Chapter One - On the Run (continued)

She could step around the corner of one life into another, like Alice stepping through the looking glass. She could shed her persona, drape herself in anonymity and walk away from 38 years of living that had brought her into the electric zone of fame and fortune - fame that now threatened to erase her entirely.
. . . She could turn up missing or dead, a corpse like her husband floating and bobbing along the banks of the East River. She could turn up missing and alive, captured, bound and delivered to some old enemies or friends (she knew not which) of her husband’s.
. . . Or she could climb the stairs, four flights of them, to the heavy metal door that would swing open on complaining hinges and set her free.
. . . She could erase all traces of her former life in order to avoid a more extreme form of oblivion. She could leave her East Side sanctuary behind and invent her own witness protection program.
. . . But witness to what? she wondered. Why was she being followed and what did they want from her? The morning’s message had been terse, unclear and yet ominous in tone. They explained little but gave her a meeting place.
. . . “Be in Central Park at the sailboat pond at noon today. Sit at a bench near the Hans Christian Andersen statue.”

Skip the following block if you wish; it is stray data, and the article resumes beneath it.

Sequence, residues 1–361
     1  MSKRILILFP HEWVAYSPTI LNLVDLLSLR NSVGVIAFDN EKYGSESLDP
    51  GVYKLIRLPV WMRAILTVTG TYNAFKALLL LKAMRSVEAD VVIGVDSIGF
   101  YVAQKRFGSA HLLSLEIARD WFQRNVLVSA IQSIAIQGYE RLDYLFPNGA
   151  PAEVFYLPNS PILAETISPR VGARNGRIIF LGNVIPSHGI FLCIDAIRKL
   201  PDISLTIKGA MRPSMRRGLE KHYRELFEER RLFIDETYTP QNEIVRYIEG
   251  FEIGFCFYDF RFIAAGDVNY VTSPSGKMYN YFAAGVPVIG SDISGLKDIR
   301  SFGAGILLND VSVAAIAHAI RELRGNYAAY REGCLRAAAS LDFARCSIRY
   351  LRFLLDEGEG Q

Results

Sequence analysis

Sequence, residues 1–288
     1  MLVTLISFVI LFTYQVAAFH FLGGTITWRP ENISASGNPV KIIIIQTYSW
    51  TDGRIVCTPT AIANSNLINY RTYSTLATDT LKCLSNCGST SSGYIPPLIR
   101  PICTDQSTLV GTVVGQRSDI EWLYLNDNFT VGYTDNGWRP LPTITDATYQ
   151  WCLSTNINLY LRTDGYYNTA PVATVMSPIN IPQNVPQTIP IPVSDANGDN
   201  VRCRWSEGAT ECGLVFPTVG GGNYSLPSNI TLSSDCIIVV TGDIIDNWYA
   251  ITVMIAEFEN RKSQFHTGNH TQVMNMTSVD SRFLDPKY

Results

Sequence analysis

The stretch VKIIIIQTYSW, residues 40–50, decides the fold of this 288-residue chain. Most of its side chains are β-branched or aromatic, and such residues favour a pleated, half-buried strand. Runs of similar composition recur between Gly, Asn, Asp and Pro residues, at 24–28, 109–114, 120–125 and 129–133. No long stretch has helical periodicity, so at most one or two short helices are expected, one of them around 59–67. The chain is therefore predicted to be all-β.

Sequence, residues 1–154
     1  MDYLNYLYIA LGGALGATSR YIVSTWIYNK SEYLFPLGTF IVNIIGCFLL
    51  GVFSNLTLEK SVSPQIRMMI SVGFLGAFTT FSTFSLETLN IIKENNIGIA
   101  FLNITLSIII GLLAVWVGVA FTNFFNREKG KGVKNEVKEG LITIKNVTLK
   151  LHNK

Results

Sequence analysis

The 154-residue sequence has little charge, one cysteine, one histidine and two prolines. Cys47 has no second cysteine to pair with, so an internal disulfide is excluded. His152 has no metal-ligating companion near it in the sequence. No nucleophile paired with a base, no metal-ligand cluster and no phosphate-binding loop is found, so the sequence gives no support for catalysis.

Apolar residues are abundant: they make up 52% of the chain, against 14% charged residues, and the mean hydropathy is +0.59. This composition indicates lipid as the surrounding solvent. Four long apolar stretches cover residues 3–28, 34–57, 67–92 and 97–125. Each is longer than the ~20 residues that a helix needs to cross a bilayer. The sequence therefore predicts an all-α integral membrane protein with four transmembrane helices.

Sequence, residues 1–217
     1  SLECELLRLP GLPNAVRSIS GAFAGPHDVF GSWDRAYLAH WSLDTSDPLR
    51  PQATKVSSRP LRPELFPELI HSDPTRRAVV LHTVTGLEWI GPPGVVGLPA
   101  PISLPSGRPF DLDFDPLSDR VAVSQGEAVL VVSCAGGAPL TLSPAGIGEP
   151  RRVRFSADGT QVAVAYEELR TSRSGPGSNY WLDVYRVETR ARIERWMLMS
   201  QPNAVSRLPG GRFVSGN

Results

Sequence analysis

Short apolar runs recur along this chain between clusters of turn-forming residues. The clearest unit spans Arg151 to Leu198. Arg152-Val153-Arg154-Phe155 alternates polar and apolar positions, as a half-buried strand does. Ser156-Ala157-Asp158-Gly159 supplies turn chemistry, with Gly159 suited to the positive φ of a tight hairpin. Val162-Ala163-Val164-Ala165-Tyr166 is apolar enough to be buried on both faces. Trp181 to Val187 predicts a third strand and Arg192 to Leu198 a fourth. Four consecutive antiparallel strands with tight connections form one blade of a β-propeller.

. . . Ironic choice, she chuckled to herself, recalling that the author is seated reading the “Ugly Duckling” to a duck at his feet. Was there some hidden message behind this choice?
. . . Why hadn’t they picked the “Mad Tea Party” sculpture at the North end of the pond? “Alice in Wonderland” seemed a more appropriate story to match the situation.
. . . She could “go on the lam,” she remembered from some gangster film.
. . . She could have taken the elevator up, but she wondered if they had some way of tracking its movements. She was even careful to muffle the sound of the heavy door shutting. She left the bolts unlocked. She thought they might have eavesdropping equipment that could track her steps.
. . . And then again, she worried that her imagination was exaggerating the risks and the threats. Paranoia lurked nearby - a shadowy leering companion, cackling at her struggles.
. . . The stairs up to the roof were shining clean, barren and virtually untouched until she reached the top landing where the door to the roof awaited her. Because many of the building’s tenants enjoyed tanning on the rooftop, the landing’s linoleum was scuffed and scarred.
. . . She cautiously swung the heavy green metal open to a morning that was mild, bright, and seemingly unaware of the danger stalking her. In no time at all, she had crossed three rooftops, passed three water towers and pulled open the metal door of the corner building. Feeling braver, she took the antique Otis elevator down to the lobby where the exit waited for her.
. . . As she emerged from the revolving brass doors, her gait was measured, her steps were flat and her normally brisk, purposeful stride had disappeared. Anyone watching her from the street would have ignored her, would have thought her unremarkable and quite dull.
. . . She headed for Central Park slowly.